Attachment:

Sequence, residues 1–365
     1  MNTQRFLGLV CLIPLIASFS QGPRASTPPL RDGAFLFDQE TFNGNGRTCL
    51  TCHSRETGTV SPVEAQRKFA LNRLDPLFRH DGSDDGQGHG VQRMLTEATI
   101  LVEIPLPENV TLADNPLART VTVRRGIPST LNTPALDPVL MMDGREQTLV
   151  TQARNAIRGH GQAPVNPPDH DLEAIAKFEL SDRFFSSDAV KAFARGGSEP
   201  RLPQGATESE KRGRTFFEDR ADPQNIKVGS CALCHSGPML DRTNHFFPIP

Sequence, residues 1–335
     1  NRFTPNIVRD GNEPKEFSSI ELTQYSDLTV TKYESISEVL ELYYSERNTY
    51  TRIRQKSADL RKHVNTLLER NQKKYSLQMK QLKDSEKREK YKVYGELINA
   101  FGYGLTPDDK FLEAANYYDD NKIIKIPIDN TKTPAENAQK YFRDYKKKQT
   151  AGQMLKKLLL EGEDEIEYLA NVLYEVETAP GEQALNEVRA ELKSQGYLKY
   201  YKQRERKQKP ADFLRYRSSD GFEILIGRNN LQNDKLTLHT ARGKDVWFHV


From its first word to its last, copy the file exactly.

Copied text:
Sequence, residues 1–365
     1  MNTQRFLGLV CLIPLIASFS QGPRASTPPL RDGAFLFDQE TFNGNGRTCL
    51  TCHSRETGTV SPVEAQRKFA LNRLDPLFRH DGSDDGQGHG VQRMLTEATI
   101  LVEIPLPENV TLADNPLART VTVRRGIPST LNTPALDPVL MMDGREQTLV
   151  TQARNAIRGH GQAPVNPPDH DLEAIAKFEL SDRFFSSDAV KAFARGGSEP
   201  RLPQGATESE KRGRTFFEDR ADPQNIKVGS CALCHSGPML DRTNHFFPIP

Sequence, residues 1–335
     1  NRFTPNIVRD GNEPKEFSSI ELTQYSDLTV TKYESISEVL ELYYSERNTY
    51  TRIRQKSADL RKHVNTLLER NQKKYSLQMK QLKDSEKREK YKVYGELINA
   101  FGYGLTPDDK FLEAANYYDD NKIIKIPIDN TKTPAENAQK YFRDYKKKQT
   151  AGQMLKKLLL EGEDEIEYLA NVLYEVETAP GEQALNEVRA ELKSQGYLKY
   201  YKQRERKQKP ADFLRYRSSD GFEILIGRNN LQNDKLTLHT ARGKDVWFHV